of the plaintiff. The municipal court stated that there is no doubt that Victoriano Bulacan is the owner
and has been in possession of Lot No. 5998 and that the lot of the defendants-appellants is on the
eastern portion of said lot.
The Torcinos appealed to the CFI. The Torcinos filed a motion to dismiss the complaint on the ground
that the complaint was not signed by the plaintiff or by an admitted attorney, and therefore must be
considered as sham and false. Bulacan opposed the motion and alleged that the motion to dismiss was
not filed on time and the defenses therein were not pleaded in the answer in the municipal court and
therefore, are deemed waived and may not be raised for the first time on appeal in the Court of First
Instance. The CFI denied the motion to dismiss. A motion for reconsideration was denied for lack of
merit.
When the case was called for continuance, the parties presented to the court a stipulation of facts. The
stipulation of facts was signed by plaintiff Victoriano Bulacan, his new counsel Atty. Diego A. Cala,
defendants Faustino and Felipa Torcino, and their counsel Gerardo A. Pabello. The court issued an
order directing surveyor Jaime Kudera to conduct the relocation work on the basis of the stipulation.
On December 17, 1983, Kudera submitted his report and on the basis of his findings, the Court of First
Instance of Leyte affirmed the decision of the municipal court.
The defendants appealed to the CA, and the CA in a resolution dated August 7, 1976 certified the
appeal to us on the ground that no testimonial or oral evidence was presented by the parties and,
therefore, no factual matters are in issue in the appeal.
ISSUE: Whether or not a complaint for forcible entry and detainer should be dismissed by a municipal
court on the ground that the plaintiff knowingly asked a nonmember of the bar to sign and file it for
him
HELD: No, it should not be dismissed. The Rules are clear. In municipal courts, the litigant may be
assisted by a friend, agent, or an attorney. However, in cases before the regional trial court, the litigant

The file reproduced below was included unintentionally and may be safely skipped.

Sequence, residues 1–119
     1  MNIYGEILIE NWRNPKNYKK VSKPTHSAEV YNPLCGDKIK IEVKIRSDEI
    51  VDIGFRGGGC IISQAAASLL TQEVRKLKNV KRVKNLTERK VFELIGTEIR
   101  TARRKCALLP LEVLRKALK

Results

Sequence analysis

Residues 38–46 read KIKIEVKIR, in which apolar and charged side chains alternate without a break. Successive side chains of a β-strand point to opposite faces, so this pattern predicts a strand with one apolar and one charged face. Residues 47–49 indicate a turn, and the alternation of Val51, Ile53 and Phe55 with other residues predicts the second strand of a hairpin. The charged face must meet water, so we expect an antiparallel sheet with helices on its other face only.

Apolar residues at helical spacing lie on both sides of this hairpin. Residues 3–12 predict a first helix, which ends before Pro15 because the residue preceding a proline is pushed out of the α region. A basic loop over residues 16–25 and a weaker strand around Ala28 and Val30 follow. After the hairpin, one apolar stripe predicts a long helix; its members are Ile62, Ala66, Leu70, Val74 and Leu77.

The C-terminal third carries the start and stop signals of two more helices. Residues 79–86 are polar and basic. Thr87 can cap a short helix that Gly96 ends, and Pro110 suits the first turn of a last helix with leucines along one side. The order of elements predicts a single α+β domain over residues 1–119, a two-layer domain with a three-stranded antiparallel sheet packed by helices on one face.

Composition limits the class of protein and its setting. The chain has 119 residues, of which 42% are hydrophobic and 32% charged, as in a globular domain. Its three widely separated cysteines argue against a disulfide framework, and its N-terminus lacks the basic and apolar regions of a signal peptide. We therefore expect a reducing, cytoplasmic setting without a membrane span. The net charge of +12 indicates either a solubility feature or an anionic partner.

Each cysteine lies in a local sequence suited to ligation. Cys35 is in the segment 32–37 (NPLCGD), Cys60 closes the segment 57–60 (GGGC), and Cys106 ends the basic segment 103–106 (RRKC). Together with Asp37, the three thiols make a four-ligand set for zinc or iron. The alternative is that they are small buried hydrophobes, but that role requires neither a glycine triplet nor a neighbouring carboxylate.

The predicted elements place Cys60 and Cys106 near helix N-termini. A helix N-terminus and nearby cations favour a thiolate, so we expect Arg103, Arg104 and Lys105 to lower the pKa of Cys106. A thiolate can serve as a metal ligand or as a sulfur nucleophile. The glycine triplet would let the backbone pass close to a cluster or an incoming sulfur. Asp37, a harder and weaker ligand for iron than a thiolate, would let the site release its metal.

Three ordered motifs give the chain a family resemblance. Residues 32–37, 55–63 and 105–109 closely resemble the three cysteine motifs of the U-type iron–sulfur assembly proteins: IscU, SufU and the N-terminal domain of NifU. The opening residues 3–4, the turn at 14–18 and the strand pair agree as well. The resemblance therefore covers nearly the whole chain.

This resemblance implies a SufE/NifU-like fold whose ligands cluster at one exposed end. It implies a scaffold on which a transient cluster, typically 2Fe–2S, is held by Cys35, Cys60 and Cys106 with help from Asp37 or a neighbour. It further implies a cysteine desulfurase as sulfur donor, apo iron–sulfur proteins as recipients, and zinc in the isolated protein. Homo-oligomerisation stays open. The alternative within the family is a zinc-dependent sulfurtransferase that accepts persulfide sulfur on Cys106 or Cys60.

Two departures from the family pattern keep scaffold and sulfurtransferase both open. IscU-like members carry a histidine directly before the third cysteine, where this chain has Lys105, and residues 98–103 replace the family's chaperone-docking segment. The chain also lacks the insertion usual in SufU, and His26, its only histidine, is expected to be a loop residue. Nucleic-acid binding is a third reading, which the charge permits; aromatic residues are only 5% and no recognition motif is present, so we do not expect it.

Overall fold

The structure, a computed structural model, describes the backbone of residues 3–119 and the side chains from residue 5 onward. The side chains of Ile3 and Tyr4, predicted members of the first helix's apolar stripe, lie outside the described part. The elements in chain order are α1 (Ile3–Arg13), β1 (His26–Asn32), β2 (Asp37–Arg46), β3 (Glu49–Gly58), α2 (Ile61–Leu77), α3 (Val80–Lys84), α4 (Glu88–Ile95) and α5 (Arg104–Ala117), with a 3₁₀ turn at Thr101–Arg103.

must be aided by a duly authorized member of the bar. The rule invoked by the Torcinos (Sec 5, Rule 7)
applies only to cases filed with the regional trial court and not to cases before a municipal court.
For relatively simple litigation before municipal courts, the Rules still allow a more educated or
capable person to appear in behalf of a litigant who cannot get a lawyer. But for the protection of the
parties and in the interest of justice, the requirement for appearances in regional trial courts and higher

courts is more stringent.


In the case before us, the complaint was verified by the party litigant himself. In the verification, the
plaintiff specifically stated that he had caused Mr. Nues to conduct the litigation and to sign the
complaint in his behalf, indicating his awareness that Nues is not a registered lawyer. There is,
therefore, added justification for the pleading to be admitted rather than dismissed. As the lower court
has cited: "So it has been held that, where a pleading is not signed by the attorney as required, but is
verified by the party, substantial rights have not been affected and the defect may be disregarded as
against a motion to strike."
The Torcinos try to impugn the results of the relocation survey. The SC agreed with the appellee that
the appellants are now estopped on this issue because they themselves prayed in the stipulation of facts
that the findings of the geodetic engineer would be bases for the decision of the court of first instance.
We see no error, much less any grave abuse of discretion, in the lower courts' findings that the house of
the Torcinos encroached on the lot of Victoriano Bulacan.